The Register-Herald, Beckley, West Virginia

College Sports

September 2, 2012

WVU not Friend-ly in Coal Bowl

Mountaineers flirt with 70, settle for 69-34 win over Marshall

MORGANTOWN — The numbers 70 and 33 will forever symbolize a turning point in the history of West Virginia football.

What happened Saturday was a simple beatdown.

The Mountaineers ended the Friends of Coal Bowl with their most dominating performance of the series with in-state rival Marshall. They rolled up 655 yards of total offense, led of course by quarterback Geno Smith, and defeated the Thundering Herd 69-34 in their final meeting at not-quite sold out Milan Puskar Stadium.

A crowd of 59,120 saw Smith get his Heisman Trophy campaign off to a nearly flawless start. The senior from Miami had just four incomplete passes, connecting on 32 of 36 for 323 yards and four touchdowns. He also ran for 66 yards and scored on a 28-yard run on which he turned a complete 360 degrees before taking off when he could not find a running back.

It was a record-setting day for Smith, who surpassed Marc Bulger for career completions with 650 and career touchdown passes with 60.

“First and foremost, I’m really pleased with how Geno played,” second-year WVU coach Dana Holgorsen said. “He’s done a great job of leading the team, leading the offense and taking care of the football.”

The 11th-ranked Mountaineers were playing their first game since drubbing Clemson 70-33 in the Orange Bowl in January, and their first game as a member of the Big 12. They were a missed extra point by Tyler Bitancurt away from reaching 70 again.

It was the most points allowed by Marshall since West Virginia scored 81 way back in 1923.

“Obviously, you don’t want to give up that many points,” Marshall coach Doc Holliday said. “Geno and that offense, they are a tough bunch to defend, and we didn’t do a very good job of it today.”

They scored on all but one possession of the first half, with Smith hitting three different receivers for touchdowns.

Marshall was able to hang around early, trailing just 13-7 in the second quarter. Travon Van’s 2-yard touchdown run with 11:16 left before halftime capped a 14-play, 98-yard drive that started after Cortez Carter stopped Smith after a 1-yard gain on fourth-and-goal at the Herd 2.

WVU responded quickly and with alarming regularity.

A quick drive of five plays and 68 yards culminated with Andrew Buie’s 24-yard TD on a draw play that made it 20-7.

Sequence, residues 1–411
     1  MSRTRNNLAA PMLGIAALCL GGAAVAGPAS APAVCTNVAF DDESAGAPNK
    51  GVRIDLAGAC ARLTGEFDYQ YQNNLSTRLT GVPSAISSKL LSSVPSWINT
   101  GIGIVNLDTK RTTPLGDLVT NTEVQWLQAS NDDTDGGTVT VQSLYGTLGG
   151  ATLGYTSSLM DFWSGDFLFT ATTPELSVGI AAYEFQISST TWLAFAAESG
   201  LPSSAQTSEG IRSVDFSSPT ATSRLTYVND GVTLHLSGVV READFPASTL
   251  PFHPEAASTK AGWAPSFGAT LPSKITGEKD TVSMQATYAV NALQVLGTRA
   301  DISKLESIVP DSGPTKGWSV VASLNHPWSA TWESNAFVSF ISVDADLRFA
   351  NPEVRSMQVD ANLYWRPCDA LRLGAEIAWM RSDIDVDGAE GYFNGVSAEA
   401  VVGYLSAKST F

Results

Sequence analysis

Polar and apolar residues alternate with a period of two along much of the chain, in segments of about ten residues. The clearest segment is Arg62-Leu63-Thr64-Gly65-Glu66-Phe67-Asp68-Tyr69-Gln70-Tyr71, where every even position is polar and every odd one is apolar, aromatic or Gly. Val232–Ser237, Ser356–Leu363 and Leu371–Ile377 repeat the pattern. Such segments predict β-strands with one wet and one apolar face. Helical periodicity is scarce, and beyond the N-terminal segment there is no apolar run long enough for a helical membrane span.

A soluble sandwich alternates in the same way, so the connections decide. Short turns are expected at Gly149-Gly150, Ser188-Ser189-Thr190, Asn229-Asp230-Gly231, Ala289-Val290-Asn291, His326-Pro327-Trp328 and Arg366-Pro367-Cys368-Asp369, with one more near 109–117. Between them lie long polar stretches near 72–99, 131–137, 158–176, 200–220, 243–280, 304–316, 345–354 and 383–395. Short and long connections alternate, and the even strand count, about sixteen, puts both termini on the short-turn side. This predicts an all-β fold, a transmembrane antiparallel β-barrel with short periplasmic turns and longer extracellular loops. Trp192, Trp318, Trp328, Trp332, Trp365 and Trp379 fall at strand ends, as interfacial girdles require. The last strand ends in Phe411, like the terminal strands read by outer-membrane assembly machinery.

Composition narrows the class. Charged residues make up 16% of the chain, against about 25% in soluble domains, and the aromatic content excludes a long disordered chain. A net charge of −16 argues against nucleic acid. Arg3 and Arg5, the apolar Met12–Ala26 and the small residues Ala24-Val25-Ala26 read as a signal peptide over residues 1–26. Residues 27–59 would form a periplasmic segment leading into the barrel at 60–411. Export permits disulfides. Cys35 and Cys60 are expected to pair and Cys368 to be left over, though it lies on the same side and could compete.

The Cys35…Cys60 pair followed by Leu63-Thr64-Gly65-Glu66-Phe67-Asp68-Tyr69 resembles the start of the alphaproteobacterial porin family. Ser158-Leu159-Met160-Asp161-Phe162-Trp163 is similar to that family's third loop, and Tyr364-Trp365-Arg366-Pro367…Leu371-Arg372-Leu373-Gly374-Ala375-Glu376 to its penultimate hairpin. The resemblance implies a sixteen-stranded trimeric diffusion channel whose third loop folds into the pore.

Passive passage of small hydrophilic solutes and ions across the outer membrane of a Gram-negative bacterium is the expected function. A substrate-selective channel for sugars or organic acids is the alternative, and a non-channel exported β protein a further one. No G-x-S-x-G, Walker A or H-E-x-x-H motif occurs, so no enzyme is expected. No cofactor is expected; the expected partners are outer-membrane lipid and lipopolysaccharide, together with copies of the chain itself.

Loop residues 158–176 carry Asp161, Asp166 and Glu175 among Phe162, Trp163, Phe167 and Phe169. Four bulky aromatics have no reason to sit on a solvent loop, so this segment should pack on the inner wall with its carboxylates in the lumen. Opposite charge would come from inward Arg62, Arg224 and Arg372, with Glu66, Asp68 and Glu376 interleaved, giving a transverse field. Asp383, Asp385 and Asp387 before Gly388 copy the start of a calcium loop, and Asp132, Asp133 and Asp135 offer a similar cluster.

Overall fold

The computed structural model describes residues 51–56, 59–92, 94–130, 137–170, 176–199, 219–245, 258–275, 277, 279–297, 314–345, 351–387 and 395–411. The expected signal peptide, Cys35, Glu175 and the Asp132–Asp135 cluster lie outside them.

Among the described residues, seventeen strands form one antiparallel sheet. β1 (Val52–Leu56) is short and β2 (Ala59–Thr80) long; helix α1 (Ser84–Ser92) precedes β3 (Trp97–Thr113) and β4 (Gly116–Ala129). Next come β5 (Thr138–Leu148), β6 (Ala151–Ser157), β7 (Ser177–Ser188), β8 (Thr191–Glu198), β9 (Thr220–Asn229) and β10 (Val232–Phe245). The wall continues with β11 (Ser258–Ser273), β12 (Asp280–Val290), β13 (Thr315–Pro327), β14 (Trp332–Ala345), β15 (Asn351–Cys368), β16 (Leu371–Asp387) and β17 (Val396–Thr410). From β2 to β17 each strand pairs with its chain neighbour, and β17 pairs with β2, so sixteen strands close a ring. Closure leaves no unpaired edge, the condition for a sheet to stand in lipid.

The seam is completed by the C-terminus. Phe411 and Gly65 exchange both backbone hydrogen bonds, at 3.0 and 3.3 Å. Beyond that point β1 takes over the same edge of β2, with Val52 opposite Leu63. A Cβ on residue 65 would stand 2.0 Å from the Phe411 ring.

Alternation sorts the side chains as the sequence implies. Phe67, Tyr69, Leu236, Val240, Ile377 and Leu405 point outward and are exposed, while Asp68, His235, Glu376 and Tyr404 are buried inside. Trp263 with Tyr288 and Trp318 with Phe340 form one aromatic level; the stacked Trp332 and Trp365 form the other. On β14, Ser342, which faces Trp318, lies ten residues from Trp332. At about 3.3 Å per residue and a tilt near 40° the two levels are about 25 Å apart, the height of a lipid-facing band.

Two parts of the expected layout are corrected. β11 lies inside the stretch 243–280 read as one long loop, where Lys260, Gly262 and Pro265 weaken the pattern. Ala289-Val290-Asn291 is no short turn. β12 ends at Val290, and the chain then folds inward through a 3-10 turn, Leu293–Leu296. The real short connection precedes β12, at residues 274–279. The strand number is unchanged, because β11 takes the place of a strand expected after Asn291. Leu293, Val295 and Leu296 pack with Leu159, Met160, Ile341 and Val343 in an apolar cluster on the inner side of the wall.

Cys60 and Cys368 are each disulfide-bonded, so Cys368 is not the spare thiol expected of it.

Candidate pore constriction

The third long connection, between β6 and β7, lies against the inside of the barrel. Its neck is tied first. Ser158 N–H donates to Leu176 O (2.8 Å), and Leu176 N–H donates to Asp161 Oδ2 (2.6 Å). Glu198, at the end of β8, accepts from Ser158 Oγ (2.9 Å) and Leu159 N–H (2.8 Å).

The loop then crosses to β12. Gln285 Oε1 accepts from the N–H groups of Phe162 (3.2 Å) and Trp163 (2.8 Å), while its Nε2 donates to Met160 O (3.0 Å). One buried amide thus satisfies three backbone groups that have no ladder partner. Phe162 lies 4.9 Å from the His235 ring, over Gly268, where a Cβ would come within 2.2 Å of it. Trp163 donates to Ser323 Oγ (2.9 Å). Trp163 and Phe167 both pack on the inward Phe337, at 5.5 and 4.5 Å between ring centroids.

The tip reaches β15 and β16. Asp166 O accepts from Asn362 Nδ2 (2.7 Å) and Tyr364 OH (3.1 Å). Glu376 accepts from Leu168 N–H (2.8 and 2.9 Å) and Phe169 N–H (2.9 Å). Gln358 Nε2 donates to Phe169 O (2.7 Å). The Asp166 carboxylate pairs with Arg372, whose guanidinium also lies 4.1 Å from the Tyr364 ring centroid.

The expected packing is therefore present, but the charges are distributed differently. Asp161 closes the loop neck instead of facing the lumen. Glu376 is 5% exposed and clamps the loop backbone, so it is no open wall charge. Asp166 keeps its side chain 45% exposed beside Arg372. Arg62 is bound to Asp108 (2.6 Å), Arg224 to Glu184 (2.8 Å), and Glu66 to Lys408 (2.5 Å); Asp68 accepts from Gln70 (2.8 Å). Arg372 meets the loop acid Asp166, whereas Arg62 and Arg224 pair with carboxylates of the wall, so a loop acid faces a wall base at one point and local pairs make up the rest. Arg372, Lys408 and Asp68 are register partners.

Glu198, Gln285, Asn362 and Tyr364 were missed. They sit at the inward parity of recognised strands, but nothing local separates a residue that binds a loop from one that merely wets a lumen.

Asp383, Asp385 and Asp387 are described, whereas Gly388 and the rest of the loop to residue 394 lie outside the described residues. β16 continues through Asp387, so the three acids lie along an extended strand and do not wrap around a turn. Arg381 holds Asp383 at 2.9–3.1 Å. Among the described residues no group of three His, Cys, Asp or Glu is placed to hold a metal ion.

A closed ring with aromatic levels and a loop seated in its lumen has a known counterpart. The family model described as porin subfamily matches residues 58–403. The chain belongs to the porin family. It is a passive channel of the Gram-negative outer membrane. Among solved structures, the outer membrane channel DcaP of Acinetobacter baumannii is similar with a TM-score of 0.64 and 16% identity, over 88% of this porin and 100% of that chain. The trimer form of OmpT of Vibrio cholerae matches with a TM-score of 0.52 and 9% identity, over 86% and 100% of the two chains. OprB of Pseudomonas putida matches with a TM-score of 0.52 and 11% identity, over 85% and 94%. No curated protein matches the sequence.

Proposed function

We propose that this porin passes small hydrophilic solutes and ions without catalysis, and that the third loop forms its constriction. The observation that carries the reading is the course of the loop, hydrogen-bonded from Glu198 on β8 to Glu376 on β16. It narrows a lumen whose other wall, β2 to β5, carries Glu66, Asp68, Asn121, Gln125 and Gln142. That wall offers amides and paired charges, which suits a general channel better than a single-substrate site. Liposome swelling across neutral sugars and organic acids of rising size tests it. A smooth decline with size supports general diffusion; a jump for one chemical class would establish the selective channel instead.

Justin Haig’s 34-yard field goal got Marshall to within 20-10 — the closest it would get the rest of the day.

A 70-yard run by Tavon Austin helped to set up Smith’s 6-yard TD to Austin for a 27-10 lead with 6:25 left before the half.

A third scoring toss by Smith, this one nine yards to J.D. Woods, made it 34-10 with a minute to go.

It didn’t stop in the second half. Shawne Alston, who finished with 123 yards rushing, scored his second touchdown, from 21 yards, to extend the Mountaineer lead to 41-10.

WVU scored touchdowns on its next three possessions, with a 43-yard Isaiah Bruce fumble return thrown in for good measure.

The Mountaineers, who gained 31 first downs, ran for 331 yards. Backup quarterback Paul Millard hooked up with K.J. Myers on a 3-yard touchdown in the fourth quarter.

Stedman Bailey had nine catches for 104 yards and two scores.

“It’s about as balanced as you can possibly be with about 300-plus yards in rushing and passing,” Holgorsen said. “We spread the ball around to a lot of people. The balance standpoint is more important to me.

“If we’re running the ball and we’re not getting any yards, then we’ll start throwing the ball more, and that’s what the offense is able to do.”

Marshall also got plenty of players involved.

Quarterback Rakeem Cato, who was 38 of 54 for a career-high 413 yards, distributed the ball to 13 different pass-catchers. The leading receiver was tight end Eric Frohnapfel, the former WVU recruit who de-committed when Holgorsen took over with an offense that does not use a tight end.

Frohnapfel caught six passes for 60 yards and a touchdown.

Cato also hooked up with Miami Central High teammate Tommy Shuler five times for 47 yards, including Shuler’s first TD with Marshall.

Aaron Dobson had four receptions for 72 yards, but he suffered a hip pointer injury at the end of a 40-yard catch and did not play in the second half. Dobson, a Biletnikoff Award candidate, said after the game that he should be OK for next week’s home debut against Western Carolina.

“I thought there were some positives on the offensive side of the ball,” Holliday said. “We just have to get better on defense.”

Marshall also had seven players run the ball for a total of 132 yards. Kevin Grooms, who originally signed with Miami, led the way with 43 yards on five carries. Van had 38 yards and a pair of scores.

West Virginia’s dominance was all about the talent it has on offense instead of Marshall’s ineptitude. In fact, the Herd finished with 545 yards of offense.

“That’s something we’re not going to be too concerned with at this point,” Holgorsen said. “The football got kind of sloppy there in the second half. It’s more about evaluating each and every position to see what we have to get better between now and in two weeks.”

The Mountaineers are off next week before taking on James Madison Sept. 15 at FedEx Field in Landover, Md. That game will kick off at 4:30 p.m. and be televised on ROOT Sports.

Marshall will host Western Carolina at 7 p.m. next Saturday with Fox College Sports televising.

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